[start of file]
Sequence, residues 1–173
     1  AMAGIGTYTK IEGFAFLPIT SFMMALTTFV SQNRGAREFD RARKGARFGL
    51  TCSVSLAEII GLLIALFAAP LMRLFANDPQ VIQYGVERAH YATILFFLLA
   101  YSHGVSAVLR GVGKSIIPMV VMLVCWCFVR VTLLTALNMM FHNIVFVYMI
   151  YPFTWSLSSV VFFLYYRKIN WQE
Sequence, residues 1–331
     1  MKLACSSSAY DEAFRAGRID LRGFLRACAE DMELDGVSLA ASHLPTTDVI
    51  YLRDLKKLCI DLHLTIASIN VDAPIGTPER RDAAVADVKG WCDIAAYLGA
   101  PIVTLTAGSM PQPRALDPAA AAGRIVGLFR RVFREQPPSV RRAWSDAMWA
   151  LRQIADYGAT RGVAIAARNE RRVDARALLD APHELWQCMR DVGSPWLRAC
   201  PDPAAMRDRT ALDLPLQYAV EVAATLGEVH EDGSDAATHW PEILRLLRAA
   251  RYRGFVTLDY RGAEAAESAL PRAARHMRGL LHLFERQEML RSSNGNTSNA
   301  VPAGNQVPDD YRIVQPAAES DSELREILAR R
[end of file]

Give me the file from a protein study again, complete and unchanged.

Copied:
Sequence, residues 1–173
     1  AMAGIGTYTK IEGFAFLPIT SFMMALTTFV SQNRGAREFD RARKGARFGL
    51  TCSVSLAEII GLLIALFAAP LMRLFANDPQ VIQYGVERAH YATILFFLLA
   101  YSHGVSAVLR GVGKSIIPMV VMLVCWCFVR VTLLTALNMM FHNIVFVYMI
   151  YPFTWSLSSV VFFLYYRKIN WQE
Sequence, residues 1–331
     1  MKLACSSSAY DEAFRAGRID LRGFLRACAE DMELDGVSLA ASHLPTTDVI
    51  YLRDLKKLCI DLHLTIASIN VDAPIGTPER RDAAVADVKG WCDIAAYLGA
   101  PIVTLTAGSM PQPRALDPAA AAGRIVGLFR RVFREQPPSV RRAWSDAMWA
   151  LRQIADYGAT RGVAIAARNE RRVDARALLD APHELWQCMR DVGSPWLRAC
   201  PDPAAMRDRT ALDLPLQYAV EVAATLGEVH EDGSDAATHW PEILRLLRAA
   251  RYRGFVTLDY RGAEAAESAL PRAARHMRGL LHLFERQEML RSSNGNTSNA
   301  VPAGNQVPDD YRIVQPAAES DSELREILAR R